In preferred embodiments, the electrical insulation fluid comprises from about 75 to 100 wt. %, more preferably from about 85 to about 100 wt. %, of the polytrimethylene ether glycol esters. The fluids may further comprise from about 1 wt. % to about 25 wt. %, preferably from about 5 wt. % to about 15 wt. %, of blending component comprising other insulating fluids such as vegetable oils, vegetable oil based fluids, mineral oil, synthetic esters, silicon fluids and poly alpha olefins, based on the total weight of the electrical insulation fluid. Vegetable oils and vegetable oil based fluids are highly preferred blending components. Examples of vegetable oils include but are not limited to sunflower oil, canola oil, rapeseed oil, corn oil, olive oil, soybean oil and castor oil. Examples of vegetable oil based fluids that can be used are Envirotemp® FR3™ fluid (Cooper Industries, Inc.) and BIOTEMP® Biodegradable Dielectric Insulating Fluid (ABB). An example of high fire point hydrocarbon oil that can be used is R-Temp® hydrocarbon oil (Cooper Industries, Inc.). Examples of synthetic esters include polyol esters. Commercially available synthetic esters that can be used include those sold under the trade names Midel® 7131 (The Micanite and Insulators Co., Manchester UK), REOLEC® 138 fluid (FMC, Manchester, UK), and ENVIROTEMP 200 fire-resistant fluid (Cooper Power Fluid Systems).
The electrical insulating fluids can contain other useful additives. Exemplary of the most typical types of additives are antioxidants, metal deactivators, in particular copper deactivators, corrosion inhibitors, flame retardants, and thermal stabilizers. Of lesser importance but sometimes desirable are viscosity modifiers, pour point depressants and anti foaming agents.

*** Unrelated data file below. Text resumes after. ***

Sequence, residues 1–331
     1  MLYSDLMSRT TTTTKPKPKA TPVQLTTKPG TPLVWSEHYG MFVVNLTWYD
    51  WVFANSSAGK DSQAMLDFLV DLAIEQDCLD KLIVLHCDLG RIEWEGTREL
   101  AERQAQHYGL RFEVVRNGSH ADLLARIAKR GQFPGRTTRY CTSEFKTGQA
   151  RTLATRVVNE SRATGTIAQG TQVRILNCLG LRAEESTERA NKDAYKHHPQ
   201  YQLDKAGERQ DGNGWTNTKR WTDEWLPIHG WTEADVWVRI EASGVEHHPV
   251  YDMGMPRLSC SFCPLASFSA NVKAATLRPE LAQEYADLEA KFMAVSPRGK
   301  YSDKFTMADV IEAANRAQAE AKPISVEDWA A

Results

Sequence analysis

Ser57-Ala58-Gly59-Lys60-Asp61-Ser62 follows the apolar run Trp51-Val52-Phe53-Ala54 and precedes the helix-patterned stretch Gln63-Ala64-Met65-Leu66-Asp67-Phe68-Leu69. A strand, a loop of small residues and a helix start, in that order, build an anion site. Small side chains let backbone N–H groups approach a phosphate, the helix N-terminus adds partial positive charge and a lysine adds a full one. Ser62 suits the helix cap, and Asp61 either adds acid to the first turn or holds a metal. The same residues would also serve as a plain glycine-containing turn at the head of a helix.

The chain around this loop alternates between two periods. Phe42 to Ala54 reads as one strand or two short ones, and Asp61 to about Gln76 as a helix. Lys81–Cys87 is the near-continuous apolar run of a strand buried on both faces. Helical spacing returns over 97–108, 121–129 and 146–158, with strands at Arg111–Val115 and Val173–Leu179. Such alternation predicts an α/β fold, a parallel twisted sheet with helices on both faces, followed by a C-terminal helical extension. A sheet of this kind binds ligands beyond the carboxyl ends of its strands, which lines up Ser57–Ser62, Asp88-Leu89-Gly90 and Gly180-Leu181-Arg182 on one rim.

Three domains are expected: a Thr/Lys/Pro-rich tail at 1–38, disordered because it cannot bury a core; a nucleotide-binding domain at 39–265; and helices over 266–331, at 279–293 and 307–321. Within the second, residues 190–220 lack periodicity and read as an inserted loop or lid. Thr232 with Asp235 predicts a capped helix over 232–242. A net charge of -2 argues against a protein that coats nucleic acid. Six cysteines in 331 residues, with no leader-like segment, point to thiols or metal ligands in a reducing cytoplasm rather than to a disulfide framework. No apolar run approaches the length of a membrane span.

Stabilizers suitable for reducing the rate of thermal and oxidative degradation of the polytrimethylene ether glycol esters include phenolic compounds such as 2,2-di(4-hydroxyphenyl)propane, phenothiazine, 3,7-dioctyl phenothiazine, phenothiazine carboxylic acid esters, phenothiazines such as N-ethyl phenothiazine, N-phenyl phenothiazine, etc.; polymerized trimethyldihydroquinoline; amines, such as phenyl-α-naphthylamine, phenyl-β-naphthylamine, N,N′-dioctyldiphenylamine, N,N′-diphenyl-p-phenylene diamine, N,N′-di-β-naphthyl-p-phenylene diamine, p-isopropoxy diphenylamine, N,N′-dibutyl p-phenylene diamine, N,N′-bis(1,4-dimethylpentyl)-p-phenylenediamine, N,N′-diisopropyl-p-phenylenediamine, p-hydroxydiphenylamine, etc.; hindered phenols such as dibutyl cresol, 2,6-dimethyl-p-cresol, butylated 2,2-di-(4-hydroxyphenyl)propane, N-butylated aminophenol, etc.; butylated hydroxyanisoles, such as 2,6-dibutyl-p-hydroxyanisole, anthraquinone, dihydroxyanthraquinone, hydroquinone, 2,5-di-t-butylhydroquinone, 2-t-butylhydroquinone; quinoline; p-hydroxydiphenylamine, phenylbenzoate, p-hydroxyanisole, nordihydroguairetic acid; pyrocatechol; styrenated phenol; polyalkyl polyphenols; propyl gallate; sodium nitrite, etc. Mixtures of the above mentioned stabilizers may be employed if desired. Stabilizers which provide fluid with no more than trace amounts of varnishes and/or sludges as degradation products after 500 hours of continuous use at temperatures of about 260° C. preferably 290° C., are particularly desirable. Stabilizers selected from the group consisting of N,N′-diphenyl-p-phenylenediamine, phenothiazine, propyl gallate and 3,7-dioctylphenothiazine are particularly well suited for use herein. Stabilizer combinations of phenothiazine or 3,7-dioctylphenothiazine and at least one other antioxidant, preferably N,N′-diphenyl-p-phenylenediamine, are preferred.